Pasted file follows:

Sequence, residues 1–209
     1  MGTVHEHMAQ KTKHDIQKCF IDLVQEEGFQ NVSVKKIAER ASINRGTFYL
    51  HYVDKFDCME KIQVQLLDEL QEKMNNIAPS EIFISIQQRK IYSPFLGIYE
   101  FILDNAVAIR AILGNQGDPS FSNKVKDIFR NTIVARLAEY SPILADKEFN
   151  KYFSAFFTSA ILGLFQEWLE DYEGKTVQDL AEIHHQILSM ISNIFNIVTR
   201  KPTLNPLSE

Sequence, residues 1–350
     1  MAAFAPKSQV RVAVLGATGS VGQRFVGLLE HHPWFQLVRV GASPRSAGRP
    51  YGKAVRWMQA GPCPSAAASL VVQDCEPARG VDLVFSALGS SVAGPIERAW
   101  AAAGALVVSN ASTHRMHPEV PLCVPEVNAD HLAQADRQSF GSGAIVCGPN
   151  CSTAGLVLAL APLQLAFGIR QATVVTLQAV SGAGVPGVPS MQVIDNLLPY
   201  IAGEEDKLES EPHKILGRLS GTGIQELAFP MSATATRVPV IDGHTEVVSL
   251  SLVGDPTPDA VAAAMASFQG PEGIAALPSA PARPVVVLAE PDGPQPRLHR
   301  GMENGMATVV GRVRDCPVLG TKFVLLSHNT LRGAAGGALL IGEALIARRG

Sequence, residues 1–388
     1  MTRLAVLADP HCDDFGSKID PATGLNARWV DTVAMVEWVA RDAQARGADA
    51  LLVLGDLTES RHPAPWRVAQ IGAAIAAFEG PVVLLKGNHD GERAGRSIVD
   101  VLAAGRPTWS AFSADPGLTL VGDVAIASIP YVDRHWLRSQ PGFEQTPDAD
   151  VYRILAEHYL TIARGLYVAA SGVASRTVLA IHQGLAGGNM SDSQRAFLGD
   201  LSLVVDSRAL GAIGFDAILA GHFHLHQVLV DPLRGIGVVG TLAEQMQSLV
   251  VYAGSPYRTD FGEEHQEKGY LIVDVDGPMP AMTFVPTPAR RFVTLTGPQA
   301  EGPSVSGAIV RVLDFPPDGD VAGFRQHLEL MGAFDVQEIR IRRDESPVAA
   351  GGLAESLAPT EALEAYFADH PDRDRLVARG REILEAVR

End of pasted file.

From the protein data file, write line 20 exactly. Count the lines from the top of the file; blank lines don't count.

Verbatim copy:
   201  LSLVVDSRAL GAIGFDAILA GHFHLHQVLV DPLRGIGVVG TLAEQMQSLV